Tyvaso is an inhaled formulation of treprostinil developed and marketed by United Therapeutics. It is administered through a portable and hand-held device that delivers the medicine directly to the lungs.
It became the first therapy approved in the U.S to improve exercise capacity in people with pulmonary hypertension associated with interstitial lung disease (PH-ILD) in 2021. ILDs comprise idiopathic pulmonary fibrosis (IPF) and other lung fibrotic-related conditions, which are characterized by the thickening and stiffening of lung tissue that leads to the formation of scars (fibrosis).
Tyvaso was initially approved in 2009 by the U.S. Food and Drug Administration (FDA) to ease symptoms of pulmonary arterial hypertension (PAH), and to aid exercise capacity for this patient group.
How does Tyvaso work?
IPF is a type of pulmonary fibrosis that has no clear cause. People with late-stage IPF may develop PH, a condition in which the arteries connecting the heart to the lungs become increasingly narrower, causing a rise in blood pressure.
Treprostinil, Tyvaso’s active ingredient, is a lab-made molecule that mimics the activity of a compound naturally produced in the body, called prostacyclin. Prostacyclin works to widen blood vessels, so that blood flows more easily with less pressure. It also helps to prevent blood clots from forming within blood vessels and arteries.
By helping blood vessels to relax and widen, Tyvaso is expected to improve blood circulation while keeping blood pressure low.
Tyvaso in clinical trials
The Phase 2/3 INCREASE trial (NCT02630316) supported Tyvaso’s approval as an PH-ILD treatment.
The study assessed and compared the therapy’s safety and efficacy to that of a placebo in 326 adults with PH-ILD over 16 weeks (about four months).
Its main goal was to evaluate whether Tyvaso — inhaled in up to 12 breaths per treatment session, four times daily — would be superior at improving patients’ exercise ability comparatively with the placebo. This was evaluated by the six-minute walking distance (6MWD) test, which measures the distance a person can walk in that time.
Results showed Tyvaso-treated patients treated had a significant mean increase of 21 meters (about 96 feet) in the 6MWD test compared with those on a placebo.
Treatment also significantly lowered the levels of a marker of heart strain, called NT-proBNP, reduced the occurrence of exacerbations (episodes of sudden disease worsening), and prevented lung function decline.
The Phase 1 BREEZE trial (NCT03950739) evaluated the safety and effectiveness of a dry powder inhaled formulation of treprostinil, called Tyvaso DPI, in 51 people with PAH who were previously being receiving an inhaled solution of Tyvaso.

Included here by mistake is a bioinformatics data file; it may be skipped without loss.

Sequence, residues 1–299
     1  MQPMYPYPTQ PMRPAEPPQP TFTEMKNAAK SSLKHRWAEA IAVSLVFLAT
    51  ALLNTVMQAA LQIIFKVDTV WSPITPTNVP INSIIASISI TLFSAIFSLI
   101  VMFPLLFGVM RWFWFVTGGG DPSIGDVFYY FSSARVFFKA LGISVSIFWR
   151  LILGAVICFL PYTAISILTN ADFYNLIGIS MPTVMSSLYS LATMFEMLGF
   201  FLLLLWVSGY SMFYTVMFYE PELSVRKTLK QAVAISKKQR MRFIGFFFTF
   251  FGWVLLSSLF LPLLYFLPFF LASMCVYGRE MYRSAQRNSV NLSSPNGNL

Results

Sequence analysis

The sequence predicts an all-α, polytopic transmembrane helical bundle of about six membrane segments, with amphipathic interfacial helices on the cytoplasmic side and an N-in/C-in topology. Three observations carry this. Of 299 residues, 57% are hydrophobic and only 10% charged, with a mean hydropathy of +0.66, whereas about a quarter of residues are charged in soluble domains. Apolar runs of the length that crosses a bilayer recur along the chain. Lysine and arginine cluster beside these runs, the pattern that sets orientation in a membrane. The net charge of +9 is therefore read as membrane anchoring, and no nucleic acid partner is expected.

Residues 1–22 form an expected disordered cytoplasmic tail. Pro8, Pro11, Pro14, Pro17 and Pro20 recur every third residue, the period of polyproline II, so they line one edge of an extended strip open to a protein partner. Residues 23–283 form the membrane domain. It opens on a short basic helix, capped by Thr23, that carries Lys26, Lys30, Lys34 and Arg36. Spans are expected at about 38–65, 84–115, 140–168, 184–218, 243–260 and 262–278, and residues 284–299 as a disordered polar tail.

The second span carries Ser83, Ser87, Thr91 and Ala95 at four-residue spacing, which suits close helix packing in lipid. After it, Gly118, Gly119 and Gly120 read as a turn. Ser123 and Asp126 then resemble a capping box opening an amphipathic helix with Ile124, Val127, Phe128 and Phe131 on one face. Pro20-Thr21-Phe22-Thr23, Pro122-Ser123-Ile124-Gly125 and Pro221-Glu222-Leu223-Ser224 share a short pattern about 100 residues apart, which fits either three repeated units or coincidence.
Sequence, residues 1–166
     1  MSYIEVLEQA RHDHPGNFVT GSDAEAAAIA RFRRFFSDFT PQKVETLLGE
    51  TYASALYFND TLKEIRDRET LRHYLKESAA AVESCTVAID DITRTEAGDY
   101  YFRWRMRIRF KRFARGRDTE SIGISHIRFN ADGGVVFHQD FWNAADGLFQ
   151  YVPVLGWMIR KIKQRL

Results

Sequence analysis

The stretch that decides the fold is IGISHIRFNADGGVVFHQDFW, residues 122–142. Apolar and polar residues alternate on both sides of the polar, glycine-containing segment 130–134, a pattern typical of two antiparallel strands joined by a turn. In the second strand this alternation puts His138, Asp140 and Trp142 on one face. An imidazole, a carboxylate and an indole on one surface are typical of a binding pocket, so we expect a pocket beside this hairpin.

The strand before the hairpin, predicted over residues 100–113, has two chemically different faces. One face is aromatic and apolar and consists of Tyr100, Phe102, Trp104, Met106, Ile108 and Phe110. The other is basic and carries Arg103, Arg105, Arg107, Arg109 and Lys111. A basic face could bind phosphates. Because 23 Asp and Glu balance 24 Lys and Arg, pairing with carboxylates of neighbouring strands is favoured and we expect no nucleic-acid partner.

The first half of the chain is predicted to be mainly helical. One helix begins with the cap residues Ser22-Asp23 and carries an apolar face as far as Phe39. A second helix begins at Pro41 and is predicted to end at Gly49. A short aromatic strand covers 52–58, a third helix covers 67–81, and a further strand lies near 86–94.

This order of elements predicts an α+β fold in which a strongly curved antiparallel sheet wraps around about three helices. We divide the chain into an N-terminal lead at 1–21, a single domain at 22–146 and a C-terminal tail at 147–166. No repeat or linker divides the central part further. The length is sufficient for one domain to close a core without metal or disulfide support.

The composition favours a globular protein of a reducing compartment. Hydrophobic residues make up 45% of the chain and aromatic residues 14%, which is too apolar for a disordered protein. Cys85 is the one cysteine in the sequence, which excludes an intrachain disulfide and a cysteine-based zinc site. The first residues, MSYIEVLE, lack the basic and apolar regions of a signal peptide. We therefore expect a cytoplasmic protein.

After three weeks, 49 patients showed improved exercise capacity, fewer patient-reported symptoms, and more satisfied with Tyvaso DPI in comparison to the inhaled version. Patients who completed the treatment and joined an extension phase to continue taking Tyvaso DPI also experienced improvements in exercise capacity.
A second trial focused on assessing the pharmacokinetics — the movement of a therapy into, through, and out of the body — of three doses of Tyvaso DPI and three doses of Tyvaso inhalation solution in 36 healthy volunteers showed that Tyvaso DPI had a more precise dosing profile.
Based on data from these two trials, United Therapeutics filed an application requesting FDA approval of Tyvaso DPI to also treat PH-ILD in April 2021. That request is under agency review.
A randomized and double-blind Phase 3 trial, TETON (NCT04708782), is now enrolling up to 396 adults with IPF, ages 40 and older.
This new trial will assess the safety and efficacy of inhaled Tyvaso, compared with a placebo, in IPF for about one year. Participants will start the study by taking three breaths of the therapy or the placebo, at sessions done four times daily. Use will increase gradually to the target of 12 breaths per session four times daily. Treatment doses may be adjusted for maximum benefit, and those who complete this trial may be invited to continue or start treatment in an open-label extension.
TETON’s main goal is changes in lung function as seen in forced vital capacity (FVC, a measure of the amount of air a person can forcefully and quickly exhale after a deep breath) from the study’s start to week 52. Secondary goals include time to clinical worsening, time to first acute exacerbation, and changes in patient perceptions, as measured in the K-BILD Questionnaire, whose 15 items address breathlessness and activities, psychological well-being and chest symptoms.
This trial is due to conclude in April 2024, and six clinic visits will be required of enrolled patients.
The most frequent side effects reported in people using Tyvaso include cough, headache, shortness of breath, skin flushing, dizziness, nausea, throat irritation and pain, fatigue, and diarrhea.
Tyvaso was designated an orphan drug as a potential IPF treatment by the FDA in 2020. This designation is given to therapies with the potential to significantly improve treatment for rare diseases, and includes benefits for the developer like tax credits and FDA support for clinical trials. If a therapy is approved, it also grants its developer seven years of marketing exclusivity in the U.S.
In addition to its inhaled forms (solution and dry powder), treprostinil is available for PAH patients as an oral formulation called Orenitram, and in as injectable known as Remodulin. Both are marketed by United Therapeutics.
The FDA approved the Dreamboat inhalation device (developed by MannKind), a portable and easy-to-use device for dry powder treatments including Tyvaso DPI, in 2014.
Last updated: May 4, 2021
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